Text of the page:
Laugh and the World Laughs with You
“Laugh and the world laughs with you; Weep and you weep alone” -Ella Wheller Wilcox
These are the first lines in the poem “Solitude” that Ella Wheller Wilcox published in 1883. Story is that the lines were inspired by a crying widow she met on a train.
So, does the world really laugh with us when we laugh? Let’s find out.
What is laughter or laugh?
Encyclopedia Britannica defines laughter as, "rhythmic, vocalized, expiratory and involuntary actions" while the Free (online) Dictionary defines laugh as - “To express certain emotions, especially mirth or delight, by a series of spontaneous, usually unarticulated sounds often accompanied by corresponding facial and bodily movements”.
Notice that both definitions talk about sound, accompanied by some involuntary body movements. That means that when you make sounds that is called as ‘laughter’ or a ‘laugh’, changes occur in many of your body parts especially in the respiratory, nervous, muscular and circulatory systems.
It is said that when you laugh, 15 facial muscles contract and your upper lip is lifted while your lower jaw opens. At the same time your epiglottis half-closes your larynx such that air movement to your throat and lungs becomes irregular and you create sounds like “ha ha ha” or “he he he” or “ho ho ho” and some other such similar sounds. Sometimes, your tear glands are also stimulated so it’s not uncommon to see people laughing and crying at the same time.
I think this video, “I Love to Laugh” from Mary Poppins, best describes what laughter is and what happens when you laugh.
I Love to Laugh
When Do You Laugh?
I laugh when
Why Do We Laugh?
Many studies show that laughter is a kind of bonding activity. It somehow establishes connection, and the closer the people are to each other, the more relaxed and frequent laughter is.
Close friends can laugh at almost anything even about things that others outside the group do not find funny at all. So laughter is not just about something funny, but it’s also more about camaraderie and bonding.
Do you remember the joke about the person who was invited to a joke club? It goes something like this...
Man A invites his friend Man B to his club meeting. Man A told his friend that the members of his club are so comfortable with each other and already know each others’ jokes such that they have assigned numbers to their jokes. So during meetings, you don’t have to say a joke anymore but you just say a number and everybody laughs. True enough, Man B observed that this is so. A member would call out a number, like “78” or “100” and everybody starts laughing. After listening to the almost non-stop laughter, Man B asked if he could try saying a number too to join in the fun. Man B called out “65”, but to his surprise, there was no laughter. Everyone just looked at him politely. Man B asked Man A “Why did nobody laugh when I said ‘65’?” Man A answered “It’s the way you said the joke (number)”.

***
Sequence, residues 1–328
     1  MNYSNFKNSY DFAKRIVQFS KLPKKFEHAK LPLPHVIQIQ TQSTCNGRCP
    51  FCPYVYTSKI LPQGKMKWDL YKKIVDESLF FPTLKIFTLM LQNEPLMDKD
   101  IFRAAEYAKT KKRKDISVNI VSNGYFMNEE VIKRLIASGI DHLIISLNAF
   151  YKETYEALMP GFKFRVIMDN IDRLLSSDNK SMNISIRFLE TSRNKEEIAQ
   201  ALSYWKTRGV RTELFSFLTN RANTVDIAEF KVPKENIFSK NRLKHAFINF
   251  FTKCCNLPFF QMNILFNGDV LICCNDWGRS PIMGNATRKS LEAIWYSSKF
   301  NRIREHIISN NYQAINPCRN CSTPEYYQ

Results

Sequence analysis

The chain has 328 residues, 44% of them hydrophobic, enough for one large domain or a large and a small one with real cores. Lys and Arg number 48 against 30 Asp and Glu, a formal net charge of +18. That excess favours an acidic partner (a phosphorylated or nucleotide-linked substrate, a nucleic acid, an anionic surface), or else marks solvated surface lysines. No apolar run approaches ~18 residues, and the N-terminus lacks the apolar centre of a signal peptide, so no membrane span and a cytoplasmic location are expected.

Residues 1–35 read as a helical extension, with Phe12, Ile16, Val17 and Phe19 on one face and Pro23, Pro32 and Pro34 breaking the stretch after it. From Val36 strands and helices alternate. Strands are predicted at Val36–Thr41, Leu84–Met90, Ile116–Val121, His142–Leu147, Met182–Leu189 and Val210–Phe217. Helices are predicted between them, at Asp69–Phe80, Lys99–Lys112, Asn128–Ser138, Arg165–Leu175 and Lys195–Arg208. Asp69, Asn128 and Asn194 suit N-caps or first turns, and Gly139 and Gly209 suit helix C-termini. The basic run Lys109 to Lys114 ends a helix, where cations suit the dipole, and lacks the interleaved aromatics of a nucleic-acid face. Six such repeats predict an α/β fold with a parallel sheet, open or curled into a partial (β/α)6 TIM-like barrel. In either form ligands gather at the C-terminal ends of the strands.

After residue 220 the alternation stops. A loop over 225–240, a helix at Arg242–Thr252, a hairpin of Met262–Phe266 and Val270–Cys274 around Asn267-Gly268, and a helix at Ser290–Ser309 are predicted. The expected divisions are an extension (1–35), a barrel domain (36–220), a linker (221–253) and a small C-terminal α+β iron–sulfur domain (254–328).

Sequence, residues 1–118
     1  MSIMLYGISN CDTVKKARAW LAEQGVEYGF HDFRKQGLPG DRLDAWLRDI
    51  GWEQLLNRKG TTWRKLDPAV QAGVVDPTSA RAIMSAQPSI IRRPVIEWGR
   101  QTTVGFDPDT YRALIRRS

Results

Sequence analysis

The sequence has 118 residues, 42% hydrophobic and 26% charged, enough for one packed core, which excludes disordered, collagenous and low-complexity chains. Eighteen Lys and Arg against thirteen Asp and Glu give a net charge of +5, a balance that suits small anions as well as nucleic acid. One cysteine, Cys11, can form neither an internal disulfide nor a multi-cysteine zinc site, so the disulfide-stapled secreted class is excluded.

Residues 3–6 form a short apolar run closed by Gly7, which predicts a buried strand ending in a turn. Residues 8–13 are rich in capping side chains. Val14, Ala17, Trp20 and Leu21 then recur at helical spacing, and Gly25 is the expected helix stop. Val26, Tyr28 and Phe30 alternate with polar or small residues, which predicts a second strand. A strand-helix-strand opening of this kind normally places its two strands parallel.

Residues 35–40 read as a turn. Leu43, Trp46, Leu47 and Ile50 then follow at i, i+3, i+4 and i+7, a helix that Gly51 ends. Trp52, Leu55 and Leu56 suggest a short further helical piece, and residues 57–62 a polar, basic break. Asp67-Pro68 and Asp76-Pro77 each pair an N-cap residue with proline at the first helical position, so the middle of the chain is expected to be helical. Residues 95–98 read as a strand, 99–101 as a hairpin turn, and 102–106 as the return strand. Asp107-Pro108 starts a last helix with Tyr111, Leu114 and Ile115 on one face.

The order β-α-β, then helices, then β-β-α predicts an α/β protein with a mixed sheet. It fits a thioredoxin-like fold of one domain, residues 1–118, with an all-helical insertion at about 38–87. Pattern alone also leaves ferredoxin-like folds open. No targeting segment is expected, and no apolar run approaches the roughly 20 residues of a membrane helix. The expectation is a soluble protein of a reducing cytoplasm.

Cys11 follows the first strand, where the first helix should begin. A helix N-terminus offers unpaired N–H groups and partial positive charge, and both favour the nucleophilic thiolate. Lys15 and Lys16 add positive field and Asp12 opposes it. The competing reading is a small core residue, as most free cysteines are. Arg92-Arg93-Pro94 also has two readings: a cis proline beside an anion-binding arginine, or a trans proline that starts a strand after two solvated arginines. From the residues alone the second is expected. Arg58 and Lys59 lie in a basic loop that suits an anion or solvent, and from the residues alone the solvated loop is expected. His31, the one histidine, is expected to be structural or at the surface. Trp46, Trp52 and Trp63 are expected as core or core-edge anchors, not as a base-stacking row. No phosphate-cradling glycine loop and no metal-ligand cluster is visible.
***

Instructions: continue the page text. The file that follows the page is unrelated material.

It is believed that laughter started as a kind of shared relief from the passing of danger. After some dangerous hunting activity people go back to their caves. There, they share stories and laughter as a reliever of tension. So this calms people down after being in a flight-or-fight situation. This is probably one reason why you exhibit ‘nervous laughter’ when you are tense.
Do you notice how people laugh when somebody in authority starts laughing? Studies show that dominant individuals like boss, father, or even teachers and speakers use humor to more or less control the emotional atmosphere of a group. Laughter puts people at ease or in a relaxed mood, so it becomes easier to bring across a point or even to avoid an embarrassing or a threatening situation.
Is Laughter Really the Best Medicine?
Well, I’m not sure that it is really the best medicine for every illness but based on many studies, laughter can indeed produce over-all good health and well-being.
What can laughter do?
- Produces positive effects on the circulatory and respiratory systems
At the start of laughter, your pulse and blood pressures go up. However, as you go on laughing, your body releases chemicals that relax your blood vessels. You also breath faster so this increases blood flow and oxygenation of the blood. The over-all effect is then a lowered blood pressure and more oxygenation to your cells and tissues.
- Exercises the heart, diaphragm, abdominal, respiratory, facial, leg, and back muscles